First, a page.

(c) The individual has signed an affidavit in which he or she affirms that he or she wishes to be placed on the list of disassociated persons and authorizing the board to release the contents of his or her application to all casino licensees in this state
(d) The individual signs a form releasing the state of Michigan, the board, and the casino licensees from any injury the individual suffers as a consequence of placing his or her name on the list of disassociated persons.
(e) The individual signs a form stating that he or she understands and authorizes all of the following:
(i) That a criminal complaint for trespassing will be filed against him or her if he or she is found on the premises of a casino in this state and he or she will be immediately removed from the casino premises.
(ii) That if he or she enters a casino and wins any money, the board will confiscate the winnings.
(5) An individual who has his or her name placed on the list of disassociated persons shall remain on the list for the remainder of his or her life.
(6) After an application has been submitted to the board, the chairperson of the board shall file a notice of placement on the list of disassociated persons with the board at the next closed session. Information contained in an application under subsection (4) is exempt from disclosure under section 4c of this act and is not open for public inspection. The information shall be disclosed to the board, each casino licensee in this state, the department of attorney general, and the department of state police.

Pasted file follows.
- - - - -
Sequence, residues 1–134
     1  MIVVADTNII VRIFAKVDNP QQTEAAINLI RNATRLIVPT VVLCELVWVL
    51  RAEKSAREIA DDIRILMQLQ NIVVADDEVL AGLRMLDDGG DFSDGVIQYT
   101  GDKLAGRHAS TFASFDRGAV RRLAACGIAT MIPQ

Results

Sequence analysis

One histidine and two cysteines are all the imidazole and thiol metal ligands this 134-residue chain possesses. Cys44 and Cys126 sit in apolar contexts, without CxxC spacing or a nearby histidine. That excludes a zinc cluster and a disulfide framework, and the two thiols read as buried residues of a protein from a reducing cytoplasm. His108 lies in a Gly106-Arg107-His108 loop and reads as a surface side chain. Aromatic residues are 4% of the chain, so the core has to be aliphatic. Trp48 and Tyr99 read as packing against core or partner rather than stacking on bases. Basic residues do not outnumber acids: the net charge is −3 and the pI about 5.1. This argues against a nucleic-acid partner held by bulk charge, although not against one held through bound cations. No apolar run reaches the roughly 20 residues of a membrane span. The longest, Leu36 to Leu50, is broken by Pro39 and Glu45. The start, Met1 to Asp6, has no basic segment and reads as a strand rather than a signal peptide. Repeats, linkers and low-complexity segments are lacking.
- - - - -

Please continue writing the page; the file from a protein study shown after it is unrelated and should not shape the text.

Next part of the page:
(7) The list of disassociated persons shall be provided to each casino licensee, the department of attorney general, and the department of state police.
(8) Each casino licensee in this state shall submit to the board a plan for disseminating the information contained in the applications for placement on the list of disassociated persons. The board shall approve the plan. The plan shall be designed to safeguard the confidentiality of the information but shall include dissemination to all of the following:
(a) The general casino manager or the managerial employee who has responsibility over the entire casino operations.
(b) All security and surveillance personnel.
(c) The department of state police.
(9) A casino licensee shall not extend credit, offer check cashing privileges, offer coupons, market its services, or send advertisements to, or otherwise solicit the patronage of, those persons whose names are on the list of disassociated persons.